Fewer teens getting driver’s licenses

The easiest way to avoid a car accident is to stay off the road. This appears to be the cause of a reduction in the number of fatal personal injury accidents on Florida’s roadways last year. According to the Florida Department of Highway Safety and Motor Vehicles, the total number of teen drivers decreased in 2010. There were fewer licensed drivers overall than in 2009. This reduction helped push the number of deaths per mile traveled down to the lowest level since the state began tracking that data.

The question of what is keeping drivers off the roads is a complicated one. Some speculate that fewer teens are obtaining driver’s licenses because of the increase in connectivity through cell phones and the Internet. Teens are less reliant on their cars to meet with friends and maintain their social network. While text messaging poses an obvious danger when drivers split their attention, it may offer some benefit by keeping inexperienced drivers off the road altogether.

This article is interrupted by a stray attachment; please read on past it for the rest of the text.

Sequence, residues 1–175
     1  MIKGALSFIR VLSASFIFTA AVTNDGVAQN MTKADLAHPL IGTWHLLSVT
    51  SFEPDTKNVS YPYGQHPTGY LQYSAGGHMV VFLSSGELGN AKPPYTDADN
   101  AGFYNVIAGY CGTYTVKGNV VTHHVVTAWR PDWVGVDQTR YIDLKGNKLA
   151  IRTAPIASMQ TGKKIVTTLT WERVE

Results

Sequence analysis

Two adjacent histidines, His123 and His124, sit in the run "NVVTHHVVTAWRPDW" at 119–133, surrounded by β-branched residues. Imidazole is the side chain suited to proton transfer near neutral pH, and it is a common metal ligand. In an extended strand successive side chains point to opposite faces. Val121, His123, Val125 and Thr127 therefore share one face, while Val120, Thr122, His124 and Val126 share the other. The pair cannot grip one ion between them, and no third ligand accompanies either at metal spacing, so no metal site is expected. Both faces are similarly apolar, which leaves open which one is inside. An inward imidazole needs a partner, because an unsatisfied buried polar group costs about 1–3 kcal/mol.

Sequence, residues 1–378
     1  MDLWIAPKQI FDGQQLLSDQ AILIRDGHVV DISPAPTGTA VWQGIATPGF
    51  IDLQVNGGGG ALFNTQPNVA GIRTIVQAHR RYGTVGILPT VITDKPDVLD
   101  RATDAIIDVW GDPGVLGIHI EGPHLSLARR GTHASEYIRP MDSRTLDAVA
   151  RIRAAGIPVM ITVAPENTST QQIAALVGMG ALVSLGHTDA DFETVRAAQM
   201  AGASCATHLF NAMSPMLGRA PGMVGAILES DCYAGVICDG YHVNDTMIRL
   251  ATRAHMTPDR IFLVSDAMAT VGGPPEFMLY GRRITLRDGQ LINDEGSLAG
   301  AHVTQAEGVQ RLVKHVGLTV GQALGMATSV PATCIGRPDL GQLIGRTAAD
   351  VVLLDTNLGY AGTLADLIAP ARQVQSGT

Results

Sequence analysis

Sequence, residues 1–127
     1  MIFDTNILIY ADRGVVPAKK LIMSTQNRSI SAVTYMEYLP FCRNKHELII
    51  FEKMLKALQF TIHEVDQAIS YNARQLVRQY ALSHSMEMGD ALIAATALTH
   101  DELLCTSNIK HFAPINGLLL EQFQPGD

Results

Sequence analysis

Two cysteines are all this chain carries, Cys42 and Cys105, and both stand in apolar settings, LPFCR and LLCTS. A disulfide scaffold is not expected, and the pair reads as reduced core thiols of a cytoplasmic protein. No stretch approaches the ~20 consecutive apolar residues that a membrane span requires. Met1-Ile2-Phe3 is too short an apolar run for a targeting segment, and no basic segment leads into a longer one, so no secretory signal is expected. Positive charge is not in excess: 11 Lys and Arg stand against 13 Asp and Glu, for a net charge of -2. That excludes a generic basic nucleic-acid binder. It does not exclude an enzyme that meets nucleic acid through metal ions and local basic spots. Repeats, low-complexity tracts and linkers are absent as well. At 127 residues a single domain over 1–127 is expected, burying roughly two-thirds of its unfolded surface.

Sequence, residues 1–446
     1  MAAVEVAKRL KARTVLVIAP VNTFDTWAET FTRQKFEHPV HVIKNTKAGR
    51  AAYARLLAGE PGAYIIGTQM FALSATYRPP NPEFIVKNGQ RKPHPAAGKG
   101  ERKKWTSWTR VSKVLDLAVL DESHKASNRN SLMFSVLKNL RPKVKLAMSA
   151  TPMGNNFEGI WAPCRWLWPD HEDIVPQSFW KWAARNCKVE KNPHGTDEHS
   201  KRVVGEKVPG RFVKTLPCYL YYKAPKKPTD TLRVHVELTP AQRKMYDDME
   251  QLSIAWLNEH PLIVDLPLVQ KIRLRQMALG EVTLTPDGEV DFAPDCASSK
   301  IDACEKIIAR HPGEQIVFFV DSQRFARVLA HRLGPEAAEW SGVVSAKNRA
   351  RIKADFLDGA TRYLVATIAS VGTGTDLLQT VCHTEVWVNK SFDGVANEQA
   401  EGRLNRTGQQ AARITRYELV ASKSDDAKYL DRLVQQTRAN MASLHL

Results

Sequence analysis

Increased gas prices and troubled economic times also may have contributed to the reduction in total number of drivers. Fewer cars and trucks were licensed in 2010, but the number of motorcycles on the road increased as people turn to more inexpensive and fuel efficient modes of travel. The benefit to those who do drive is obvious. Congestion is a prime culprit in fatal accidents. Less crowded roads means a safer environment for drivers.

The 2010 numbers are part of a five year trend in crash reduction. Efforts by lawmakers, safety experts and police have also played a role in making it safer to drive in Florida. Hopefully, the trend will continue and there will fewer people injured or killed in car accidents each year going forward.

Source: The Gainesville Sun, “2010 crash statistics: Fewer drivers lead to fewer wrecks,” by Karen Voyles, September 28, 2011.